The large-scale incinerator planned for the island off southern Lantau, Shek Kwu Chau, has sparked strong debate about its practicality and, in many ways, the future of Hong Kong. This is not just a 'not in my backyard' issue, it is about an ill-planned project that will affect the entire city and even those who might want to visit or live here in the future.
By holding the public hostage to a railroaded approval process, forcing us all to accept outdated technology, poor planning and lack of foresight, the government is setting itself up for further alienation from a public it is trying to win over with 'harmonious' activities.
Southern Lantau is valuable because it will increasingly be the 'lungs and heart' of the city we live in, along with the coasts and islands within our reach. Once these assets are taken away, there will be nothing left in the bank for us to draw on.
It was not so many years ago that Hong Kong remained one of the few countries that did not classify waste as a renewable energy source. This hindered many potential waste-to-fuel technologies and innovations that could have been set up around the existing landfills, where our waste planning basically equates to digging bigger landfill holes.
When Beijing put some pressure on our city to have a higher renewable energy input, the government then realised it had to allow waste to be turned to fuel in order to achieve its goals, already meagre when compared with the rest of our neighbours in the region.
So, we are now being told that waste can be valuable, and incineration can be the solution to our landfill issues, but we are being presented with an outdated way of thinking and planning that will greatly reduce the perceived benefits of such a plan. Why should our population, with a wealthy government, accept substandard thinking and solutions, and environmental degradation all at the same time? This is like building a highway and ensuring that it is designed with large potholes.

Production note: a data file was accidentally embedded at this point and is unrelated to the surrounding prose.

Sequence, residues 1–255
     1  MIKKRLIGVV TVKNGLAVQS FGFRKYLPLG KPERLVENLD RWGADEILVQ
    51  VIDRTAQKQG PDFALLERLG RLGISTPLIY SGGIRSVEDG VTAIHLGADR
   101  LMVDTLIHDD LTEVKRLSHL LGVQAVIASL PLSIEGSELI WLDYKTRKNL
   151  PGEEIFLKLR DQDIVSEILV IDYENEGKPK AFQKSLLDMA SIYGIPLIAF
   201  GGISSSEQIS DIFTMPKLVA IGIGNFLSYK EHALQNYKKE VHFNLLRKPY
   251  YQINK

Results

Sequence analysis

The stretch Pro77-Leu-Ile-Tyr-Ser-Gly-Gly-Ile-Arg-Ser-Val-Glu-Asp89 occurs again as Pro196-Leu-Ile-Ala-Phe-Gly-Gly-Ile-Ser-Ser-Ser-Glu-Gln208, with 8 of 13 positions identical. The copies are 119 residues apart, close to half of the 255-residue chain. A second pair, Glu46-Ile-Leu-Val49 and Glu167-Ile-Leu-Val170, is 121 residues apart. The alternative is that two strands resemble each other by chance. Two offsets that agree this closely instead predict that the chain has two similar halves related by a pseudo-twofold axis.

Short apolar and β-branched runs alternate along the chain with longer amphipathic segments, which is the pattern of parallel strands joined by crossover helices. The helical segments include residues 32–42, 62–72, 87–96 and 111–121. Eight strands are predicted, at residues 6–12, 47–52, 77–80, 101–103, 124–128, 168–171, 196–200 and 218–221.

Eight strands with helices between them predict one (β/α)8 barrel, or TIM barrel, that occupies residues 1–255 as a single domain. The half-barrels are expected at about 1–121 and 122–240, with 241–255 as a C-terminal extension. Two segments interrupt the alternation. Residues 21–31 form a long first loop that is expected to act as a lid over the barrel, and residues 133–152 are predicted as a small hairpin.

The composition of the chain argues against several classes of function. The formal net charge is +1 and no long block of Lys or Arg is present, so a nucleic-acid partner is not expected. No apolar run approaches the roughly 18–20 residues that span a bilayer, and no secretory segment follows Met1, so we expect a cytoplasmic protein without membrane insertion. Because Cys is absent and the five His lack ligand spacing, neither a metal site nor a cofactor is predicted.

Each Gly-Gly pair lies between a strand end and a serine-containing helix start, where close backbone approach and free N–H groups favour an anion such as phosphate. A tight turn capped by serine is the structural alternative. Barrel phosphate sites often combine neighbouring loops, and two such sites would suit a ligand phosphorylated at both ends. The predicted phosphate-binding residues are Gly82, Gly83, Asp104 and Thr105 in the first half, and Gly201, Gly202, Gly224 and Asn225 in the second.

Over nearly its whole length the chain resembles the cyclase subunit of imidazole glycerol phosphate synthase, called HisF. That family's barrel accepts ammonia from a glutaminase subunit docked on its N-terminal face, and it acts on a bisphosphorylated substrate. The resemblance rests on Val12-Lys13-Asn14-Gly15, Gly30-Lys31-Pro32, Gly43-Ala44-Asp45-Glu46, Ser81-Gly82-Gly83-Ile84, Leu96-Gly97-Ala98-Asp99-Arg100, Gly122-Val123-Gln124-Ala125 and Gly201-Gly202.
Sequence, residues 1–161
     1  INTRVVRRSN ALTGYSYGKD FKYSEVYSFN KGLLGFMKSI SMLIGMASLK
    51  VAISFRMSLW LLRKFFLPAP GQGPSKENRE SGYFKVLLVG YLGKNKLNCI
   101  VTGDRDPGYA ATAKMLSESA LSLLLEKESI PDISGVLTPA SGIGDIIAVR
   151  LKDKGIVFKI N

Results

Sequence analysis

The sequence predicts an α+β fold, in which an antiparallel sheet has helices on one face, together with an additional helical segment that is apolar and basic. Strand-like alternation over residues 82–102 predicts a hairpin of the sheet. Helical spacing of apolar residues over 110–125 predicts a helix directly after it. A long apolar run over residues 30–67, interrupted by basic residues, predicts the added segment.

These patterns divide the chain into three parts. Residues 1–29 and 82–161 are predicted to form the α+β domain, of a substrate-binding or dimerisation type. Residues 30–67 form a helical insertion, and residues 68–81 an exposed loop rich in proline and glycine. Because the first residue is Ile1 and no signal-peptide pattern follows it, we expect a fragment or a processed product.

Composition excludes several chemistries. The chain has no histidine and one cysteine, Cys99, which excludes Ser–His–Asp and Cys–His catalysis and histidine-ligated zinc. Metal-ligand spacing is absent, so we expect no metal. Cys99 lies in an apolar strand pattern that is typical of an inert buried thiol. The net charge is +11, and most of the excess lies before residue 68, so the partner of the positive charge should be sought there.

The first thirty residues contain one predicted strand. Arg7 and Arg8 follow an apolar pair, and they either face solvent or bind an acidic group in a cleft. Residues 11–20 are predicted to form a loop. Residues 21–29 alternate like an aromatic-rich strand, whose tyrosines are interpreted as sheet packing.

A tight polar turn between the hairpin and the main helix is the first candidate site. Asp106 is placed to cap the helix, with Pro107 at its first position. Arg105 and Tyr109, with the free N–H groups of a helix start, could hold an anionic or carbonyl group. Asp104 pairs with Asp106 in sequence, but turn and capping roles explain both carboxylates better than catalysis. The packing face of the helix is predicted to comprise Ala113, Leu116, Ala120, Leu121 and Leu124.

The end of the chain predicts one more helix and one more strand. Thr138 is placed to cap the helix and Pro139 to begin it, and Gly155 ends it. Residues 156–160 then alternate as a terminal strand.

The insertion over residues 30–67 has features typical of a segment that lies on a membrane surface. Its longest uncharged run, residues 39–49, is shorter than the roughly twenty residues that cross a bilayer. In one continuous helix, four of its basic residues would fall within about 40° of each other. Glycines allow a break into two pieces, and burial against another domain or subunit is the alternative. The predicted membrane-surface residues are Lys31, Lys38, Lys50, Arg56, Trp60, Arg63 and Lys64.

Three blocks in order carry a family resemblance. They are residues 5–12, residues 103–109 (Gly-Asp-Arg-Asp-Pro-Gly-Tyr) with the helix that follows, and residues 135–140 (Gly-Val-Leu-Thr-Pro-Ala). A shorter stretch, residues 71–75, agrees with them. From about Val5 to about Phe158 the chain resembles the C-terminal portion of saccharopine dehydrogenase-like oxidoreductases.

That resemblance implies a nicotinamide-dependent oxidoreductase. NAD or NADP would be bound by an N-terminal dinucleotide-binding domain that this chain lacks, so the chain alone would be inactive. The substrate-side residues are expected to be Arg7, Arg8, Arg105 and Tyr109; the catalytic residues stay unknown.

Technologies today have shown that waste has value as secondary raw materials. It is something we want to preserve, re-use and extract value from, while maintaining the value of our assets in the 'bank' - our environment. Incinerating waste is the lazy way out of a problem; it depletes the resources right under our noses.
By separating all plastic waste, for example, economies of scale can be created for proper, value-added recycling. This saves energy and creates material that leading brands of the world are starting to use. After all of the valuable plastic material is extracted, the remaining material can be turned into fuel, not via incineration, but via distillation, which turns it back to a liquid. Plastic is stored energy after all, derived from petroleum.
The huge benefit this now creates is that all of our food waste and organic material can be treated separately, using new composting or other technologies. When all of these waste streams are separated, the creation of methane in landfills is avoided. Plastic can be harnessed as a fuel in a much bigger way. And, no incineration is needed.
An incinerator at Shek Kwu Chau will not only cause immeasurable long-term damage to the value of Hong Kong as a city by the sea, to the island it occupies, to the ocean it fills, and to the quality of life for tomorrow's generation - it will show the world that we lack the skills and planning to create a truly world-class city. The plan will also create carbon emissions from support transport, probably offsetting the 'renewable' resources it is meant to create.
Instead, we could deploy new recycling, composting and specialised waste-to-fuel options which would maximise the value that this secondary raw material represents.
We are missing out on a huge job creation opportunity here, not to mention an impressive environmental leadership role to be proud of.
Do we have the ability to guide this project and planning in the direction that this city deserves?
Douglas Woodring is founder of the Ocean Recovery Alliance and a Clinton Global Initiative Commitment Maker